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Welcome to

St Marks Bassendean

Church on the Rise

All Church services
have been suspended.
We will meet online each Sunday
and at other times.
Contact us if you would like to join our online meeting

Sermons are online

But in fact Christ has been raised from the dead, the first fruits of those who have died. For since death came through a human being, the resurrection of the dead has also come through a human being;  for as all die in Adam, so all will be made alive in Christ. But each in his own order: Christ the first fruits, then at his coming those who belong to Christ.  Then comes the end, when he hands over the kingdom to God the Father, after he has destroyed every ruler and every authority and power.  For he must reign until he has put all his enemies under his feet.  The last enemy to be destroyed is death.
1 Corinthians 15.20f

By Talia Elsing

I am not a writer. I don’t blog, I don’t journal, and I very rarely write anything personal up on social media. But given it is Easter, I thought it was a good time to share a few things I’ve learnt recently. (Please note, I am not a theologian – these are merely my reflections).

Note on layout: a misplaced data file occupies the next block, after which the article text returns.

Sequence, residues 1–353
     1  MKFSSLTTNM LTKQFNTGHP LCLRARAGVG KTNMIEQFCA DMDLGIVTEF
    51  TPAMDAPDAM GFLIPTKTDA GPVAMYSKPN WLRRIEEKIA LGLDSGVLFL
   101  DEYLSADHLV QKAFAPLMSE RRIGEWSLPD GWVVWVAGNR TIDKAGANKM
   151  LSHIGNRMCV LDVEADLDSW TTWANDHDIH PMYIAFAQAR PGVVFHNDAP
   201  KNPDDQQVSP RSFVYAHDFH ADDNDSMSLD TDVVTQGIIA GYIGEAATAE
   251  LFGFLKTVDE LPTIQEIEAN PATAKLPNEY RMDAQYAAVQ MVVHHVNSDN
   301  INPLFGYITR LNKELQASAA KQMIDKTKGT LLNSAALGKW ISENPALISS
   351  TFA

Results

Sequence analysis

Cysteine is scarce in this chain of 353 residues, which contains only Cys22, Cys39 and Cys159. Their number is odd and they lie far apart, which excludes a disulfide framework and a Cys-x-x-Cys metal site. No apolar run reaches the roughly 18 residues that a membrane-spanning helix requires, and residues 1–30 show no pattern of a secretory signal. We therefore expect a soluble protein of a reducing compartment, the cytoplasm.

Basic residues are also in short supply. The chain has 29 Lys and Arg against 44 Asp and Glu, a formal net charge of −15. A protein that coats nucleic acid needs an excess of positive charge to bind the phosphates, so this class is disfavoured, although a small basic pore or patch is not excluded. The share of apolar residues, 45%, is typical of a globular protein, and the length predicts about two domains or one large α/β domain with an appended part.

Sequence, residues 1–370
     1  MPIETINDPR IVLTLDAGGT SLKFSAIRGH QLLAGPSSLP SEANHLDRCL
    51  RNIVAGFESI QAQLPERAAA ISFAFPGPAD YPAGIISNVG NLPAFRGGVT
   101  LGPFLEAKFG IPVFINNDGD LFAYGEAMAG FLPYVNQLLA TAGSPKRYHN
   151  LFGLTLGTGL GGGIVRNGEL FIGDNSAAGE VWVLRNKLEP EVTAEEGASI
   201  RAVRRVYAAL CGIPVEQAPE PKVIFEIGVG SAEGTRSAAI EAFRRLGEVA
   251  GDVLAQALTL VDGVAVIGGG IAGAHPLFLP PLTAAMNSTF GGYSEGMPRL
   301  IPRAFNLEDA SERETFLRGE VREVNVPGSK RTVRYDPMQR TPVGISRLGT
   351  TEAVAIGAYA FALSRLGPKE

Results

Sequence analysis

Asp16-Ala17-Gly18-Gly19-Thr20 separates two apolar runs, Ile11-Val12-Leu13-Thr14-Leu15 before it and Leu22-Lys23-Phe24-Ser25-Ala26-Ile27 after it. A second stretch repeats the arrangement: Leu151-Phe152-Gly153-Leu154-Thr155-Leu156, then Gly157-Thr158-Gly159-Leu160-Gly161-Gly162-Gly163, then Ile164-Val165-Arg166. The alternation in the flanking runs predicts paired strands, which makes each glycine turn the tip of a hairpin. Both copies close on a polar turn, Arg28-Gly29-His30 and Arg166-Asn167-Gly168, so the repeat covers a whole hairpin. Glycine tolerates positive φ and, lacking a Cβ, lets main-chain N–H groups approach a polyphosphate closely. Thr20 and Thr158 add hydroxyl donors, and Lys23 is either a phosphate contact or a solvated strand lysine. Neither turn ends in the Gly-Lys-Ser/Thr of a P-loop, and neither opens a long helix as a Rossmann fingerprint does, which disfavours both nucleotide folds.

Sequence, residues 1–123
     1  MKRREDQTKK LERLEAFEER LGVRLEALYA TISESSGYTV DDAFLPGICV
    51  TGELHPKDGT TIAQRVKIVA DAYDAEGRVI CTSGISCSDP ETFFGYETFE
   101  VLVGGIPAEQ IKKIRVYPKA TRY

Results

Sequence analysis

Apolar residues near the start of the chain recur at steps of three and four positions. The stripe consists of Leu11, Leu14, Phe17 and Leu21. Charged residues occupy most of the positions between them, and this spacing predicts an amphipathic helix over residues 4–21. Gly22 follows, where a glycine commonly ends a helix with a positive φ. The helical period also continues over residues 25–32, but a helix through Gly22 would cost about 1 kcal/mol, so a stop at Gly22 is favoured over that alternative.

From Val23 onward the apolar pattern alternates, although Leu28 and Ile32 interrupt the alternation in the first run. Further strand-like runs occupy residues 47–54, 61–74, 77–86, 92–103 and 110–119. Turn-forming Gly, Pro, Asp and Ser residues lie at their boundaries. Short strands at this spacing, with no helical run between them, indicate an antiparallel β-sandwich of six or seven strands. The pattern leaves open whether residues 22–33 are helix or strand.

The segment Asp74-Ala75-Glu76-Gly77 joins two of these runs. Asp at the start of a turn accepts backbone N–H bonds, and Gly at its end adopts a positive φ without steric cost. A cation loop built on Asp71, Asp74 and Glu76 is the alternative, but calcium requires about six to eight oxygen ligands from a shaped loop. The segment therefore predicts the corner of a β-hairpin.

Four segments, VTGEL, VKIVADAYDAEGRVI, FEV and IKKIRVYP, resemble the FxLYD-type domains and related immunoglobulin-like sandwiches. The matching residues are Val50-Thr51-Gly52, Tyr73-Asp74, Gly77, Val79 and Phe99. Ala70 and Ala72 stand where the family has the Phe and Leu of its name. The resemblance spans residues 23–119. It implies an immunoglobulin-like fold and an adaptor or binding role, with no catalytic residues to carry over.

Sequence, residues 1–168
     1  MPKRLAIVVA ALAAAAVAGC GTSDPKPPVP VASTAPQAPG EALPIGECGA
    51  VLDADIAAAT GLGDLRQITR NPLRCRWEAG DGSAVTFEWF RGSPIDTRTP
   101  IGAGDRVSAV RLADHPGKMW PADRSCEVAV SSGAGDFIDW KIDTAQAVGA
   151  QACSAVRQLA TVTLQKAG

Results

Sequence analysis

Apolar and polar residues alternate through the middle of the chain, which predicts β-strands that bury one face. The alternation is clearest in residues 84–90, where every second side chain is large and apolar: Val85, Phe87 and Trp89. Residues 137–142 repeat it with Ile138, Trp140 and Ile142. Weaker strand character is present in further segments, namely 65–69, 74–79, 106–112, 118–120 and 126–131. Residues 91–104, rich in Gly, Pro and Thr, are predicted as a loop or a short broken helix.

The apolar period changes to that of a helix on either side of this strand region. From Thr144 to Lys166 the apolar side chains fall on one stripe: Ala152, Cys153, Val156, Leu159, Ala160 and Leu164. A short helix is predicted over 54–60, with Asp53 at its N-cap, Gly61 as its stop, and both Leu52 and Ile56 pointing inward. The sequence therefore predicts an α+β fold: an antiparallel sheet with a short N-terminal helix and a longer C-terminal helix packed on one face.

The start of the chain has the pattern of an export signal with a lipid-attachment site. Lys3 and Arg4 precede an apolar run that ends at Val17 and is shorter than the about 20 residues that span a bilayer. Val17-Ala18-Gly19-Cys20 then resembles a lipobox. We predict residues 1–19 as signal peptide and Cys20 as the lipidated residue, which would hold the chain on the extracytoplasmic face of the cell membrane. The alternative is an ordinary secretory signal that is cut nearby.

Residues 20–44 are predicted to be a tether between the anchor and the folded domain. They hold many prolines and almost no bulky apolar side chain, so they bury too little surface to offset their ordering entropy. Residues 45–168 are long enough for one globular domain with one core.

My daughter, Georgia, is 10 months old. She is my fourth child. I had a very normal pregnancy - morning sickness for the first trimester, a smooth second and felt like an elephant for the third. All the scans and measurements were normal. Her birth was much like my first – quicker than expected and catching the midwives by surprise. She even looked like her eldest sister when she was born. She was quiet and sweet, fed well and slept a lot. I went home four hours later and marveled at the blessing it was to have a settled and peaceful fourth child.